Environmentalists have been laying the groundwork for Obama’s decision by circulating memos on the legal strategy and highlighting how oil spills could devastate wildlife in the Arctic and tourism on the U.S. East Coast.

“The Trump administration has the potential to do serious damage to our climate — but in the last few months of his presidency, President Obama can take concrete steps to secure his environmental legacy,” NextGen Climate President Tom Steyer said in a recent letter.  https://www.bloomberg.com/politics/articles/2016-12-19/obama-said-to-use-1953-law-to-block-drilling-in-arctic-atlantic

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The continuing radiation horror of Russia’s Mayak nuclear plant

December 21, 2016

Many people we spoke to say they are being used as human guinea pigs. They talk of a secret government experiment looking at the effects of radiation exposure on humans.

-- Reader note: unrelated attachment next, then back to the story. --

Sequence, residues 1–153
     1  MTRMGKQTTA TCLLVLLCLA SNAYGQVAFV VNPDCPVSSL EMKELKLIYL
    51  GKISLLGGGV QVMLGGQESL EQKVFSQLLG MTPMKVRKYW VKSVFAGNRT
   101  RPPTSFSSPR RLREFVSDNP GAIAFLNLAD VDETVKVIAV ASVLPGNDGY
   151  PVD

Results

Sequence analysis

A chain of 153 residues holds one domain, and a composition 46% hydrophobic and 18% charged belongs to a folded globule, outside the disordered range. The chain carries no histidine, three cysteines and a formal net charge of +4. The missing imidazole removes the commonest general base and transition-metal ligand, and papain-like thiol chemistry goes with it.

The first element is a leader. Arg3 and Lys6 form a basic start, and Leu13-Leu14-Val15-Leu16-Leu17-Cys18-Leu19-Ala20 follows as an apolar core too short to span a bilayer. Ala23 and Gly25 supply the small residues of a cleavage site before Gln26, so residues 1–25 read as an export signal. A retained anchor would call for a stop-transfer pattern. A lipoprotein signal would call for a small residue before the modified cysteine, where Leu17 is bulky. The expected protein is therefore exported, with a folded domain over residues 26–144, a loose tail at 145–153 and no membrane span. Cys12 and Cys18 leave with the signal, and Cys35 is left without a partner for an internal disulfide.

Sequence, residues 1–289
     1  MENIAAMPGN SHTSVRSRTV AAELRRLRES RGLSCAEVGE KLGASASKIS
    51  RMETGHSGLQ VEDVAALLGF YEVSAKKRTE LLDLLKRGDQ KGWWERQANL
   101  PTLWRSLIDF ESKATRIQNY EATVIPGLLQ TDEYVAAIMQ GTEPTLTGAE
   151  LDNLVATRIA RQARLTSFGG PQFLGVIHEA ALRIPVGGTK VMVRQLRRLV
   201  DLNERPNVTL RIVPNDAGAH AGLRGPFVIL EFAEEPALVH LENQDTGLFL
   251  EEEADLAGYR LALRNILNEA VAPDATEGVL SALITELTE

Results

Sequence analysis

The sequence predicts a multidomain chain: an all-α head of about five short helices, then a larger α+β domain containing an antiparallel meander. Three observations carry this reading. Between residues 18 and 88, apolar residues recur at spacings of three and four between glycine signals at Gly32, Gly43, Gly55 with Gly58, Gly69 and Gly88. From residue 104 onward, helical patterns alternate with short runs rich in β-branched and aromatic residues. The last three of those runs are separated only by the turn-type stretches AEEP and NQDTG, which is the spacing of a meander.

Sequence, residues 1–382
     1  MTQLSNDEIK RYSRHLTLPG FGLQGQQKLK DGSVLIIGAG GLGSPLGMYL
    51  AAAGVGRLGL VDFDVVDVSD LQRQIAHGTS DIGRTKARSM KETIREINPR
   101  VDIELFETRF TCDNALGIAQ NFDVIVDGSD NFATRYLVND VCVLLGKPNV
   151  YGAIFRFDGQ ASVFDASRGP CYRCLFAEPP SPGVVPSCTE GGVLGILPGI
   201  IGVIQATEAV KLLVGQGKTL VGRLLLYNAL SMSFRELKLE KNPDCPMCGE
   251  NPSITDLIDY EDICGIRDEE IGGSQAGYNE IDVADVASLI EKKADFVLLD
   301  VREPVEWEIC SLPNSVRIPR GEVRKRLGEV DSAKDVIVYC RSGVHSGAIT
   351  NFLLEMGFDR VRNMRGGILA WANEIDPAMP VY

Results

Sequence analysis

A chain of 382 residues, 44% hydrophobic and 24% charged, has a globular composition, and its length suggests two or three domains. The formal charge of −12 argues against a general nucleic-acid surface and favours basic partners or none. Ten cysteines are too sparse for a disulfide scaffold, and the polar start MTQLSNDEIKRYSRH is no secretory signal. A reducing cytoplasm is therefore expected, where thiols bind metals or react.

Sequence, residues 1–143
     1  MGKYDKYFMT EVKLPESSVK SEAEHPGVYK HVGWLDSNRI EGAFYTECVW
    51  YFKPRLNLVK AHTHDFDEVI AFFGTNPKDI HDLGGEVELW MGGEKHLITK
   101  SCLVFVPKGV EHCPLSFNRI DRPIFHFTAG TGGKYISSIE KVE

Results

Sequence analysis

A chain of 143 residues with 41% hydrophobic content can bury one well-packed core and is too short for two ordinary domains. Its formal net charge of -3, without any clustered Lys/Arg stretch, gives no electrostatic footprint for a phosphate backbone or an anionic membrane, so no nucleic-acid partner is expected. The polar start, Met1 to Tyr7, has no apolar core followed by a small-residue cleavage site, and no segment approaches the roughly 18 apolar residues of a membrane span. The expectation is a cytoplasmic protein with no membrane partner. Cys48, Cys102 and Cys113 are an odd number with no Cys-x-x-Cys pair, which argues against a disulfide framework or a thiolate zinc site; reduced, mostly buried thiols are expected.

They say they have to go to a hospital in Chelyabinsk, the regional capital around 50km away, for treatment of the various radiation related illnesses they suffer.

text-from-the-archivesLiving in a nuclear hell, Aljazeera, By Charles Stratford in Europe , 2012-04-04 The town of Muslymovo has to be one of the saddest places on earth. The thousands of people who have little choice but to live here, on the banks of the Techa river not far from Russia’s
southern border with Kazakhstan, are the victims of a nuclear disaster that began more than six decades ago.

They are still suffering with the consequences of life next door to the Mayak nuclear plant – still dying from the radiation-related illnesses that have claimed the lives of so many before them.